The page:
While demand for commodity shipping is starting to improve, the Guggenheim Shipping ETF (SEA, quote) has taken a beating. Tanker fleets have also been battered by high fuel oil costs (USO, quote), but demand for liquified natural gas (UNG, quote) is helping make up the losses.
The high price of crude has both helped and hurt the tankers. They’re paying more for fuel, but the demand for natural gas has also been driven up. Since there are only so many tankers to go around, that demand is now testing the limits of the shipping supply.
Charter rates for tankers hit a peak of $145,500 a day in January, up from $30,000 a day just two years ago. New vessels are at least a year away, so charter prices have nowhere to go but up in the near-term.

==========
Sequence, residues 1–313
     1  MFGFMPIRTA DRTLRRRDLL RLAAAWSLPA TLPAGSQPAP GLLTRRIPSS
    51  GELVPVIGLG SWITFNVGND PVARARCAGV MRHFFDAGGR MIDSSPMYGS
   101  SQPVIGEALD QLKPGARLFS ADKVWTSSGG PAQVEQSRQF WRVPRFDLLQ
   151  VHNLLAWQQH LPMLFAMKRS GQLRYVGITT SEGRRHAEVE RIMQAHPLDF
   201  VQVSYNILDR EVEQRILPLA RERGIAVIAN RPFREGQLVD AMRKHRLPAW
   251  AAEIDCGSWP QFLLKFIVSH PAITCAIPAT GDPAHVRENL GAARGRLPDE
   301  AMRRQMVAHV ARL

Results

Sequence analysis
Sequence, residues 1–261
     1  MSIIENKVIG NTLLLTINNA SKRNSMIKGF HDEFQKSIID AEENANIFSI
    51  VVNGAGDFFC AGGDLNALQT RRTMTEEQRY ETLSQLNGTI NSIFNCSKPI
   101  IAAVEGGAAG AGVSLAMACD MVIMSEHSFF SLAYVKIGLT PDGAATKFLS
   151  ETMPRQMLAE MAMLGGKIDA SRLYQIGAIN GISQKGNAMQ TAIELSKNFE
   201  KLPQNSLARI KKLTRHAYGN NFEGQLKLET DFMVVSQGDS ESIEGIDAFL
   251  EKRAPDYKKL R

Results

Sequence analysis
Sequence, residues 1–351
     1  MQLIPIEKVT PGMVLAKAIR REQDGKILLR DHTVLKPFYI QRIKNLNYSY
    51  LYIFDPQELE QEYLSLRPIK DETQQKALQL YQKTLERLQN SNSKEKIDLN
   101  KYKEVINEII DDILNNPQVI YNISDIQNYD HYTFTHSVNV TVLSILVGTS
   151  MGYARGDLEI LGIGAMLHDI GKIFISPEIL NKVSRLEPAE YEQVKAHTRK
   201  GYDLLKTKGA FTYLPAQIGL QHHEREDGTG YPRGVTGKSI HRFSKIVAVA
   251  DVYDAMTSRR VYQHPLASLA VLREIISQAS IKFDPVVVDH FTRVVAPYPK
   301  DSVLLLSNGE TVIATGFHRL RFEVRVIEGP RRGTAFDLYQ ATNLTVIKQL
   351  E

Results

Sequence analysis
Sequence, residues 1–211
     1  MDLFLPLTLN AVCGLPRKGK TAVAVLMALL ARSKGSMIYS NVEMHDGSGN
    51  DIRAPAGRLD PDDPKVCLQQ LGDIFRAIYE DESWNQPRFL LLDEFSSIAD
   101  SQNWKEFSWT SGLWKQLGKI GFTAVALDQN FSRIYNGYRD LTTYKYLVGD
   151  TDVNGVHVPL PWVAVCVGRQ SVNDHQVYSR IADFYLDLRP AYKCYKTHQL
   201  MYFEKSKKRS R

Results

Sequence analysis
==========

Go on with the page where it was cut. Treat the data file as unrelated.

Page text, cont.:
Looking out into the medium-term demand for shipping is likely to outstrip the supply of tankers. Pareto Securities has forecast that demand for LNG vessels could double by 2020, resulting in a need for 352 more vessels. The next big increase in demand is likely to happen in 2016, when a new set of Australian projects come online.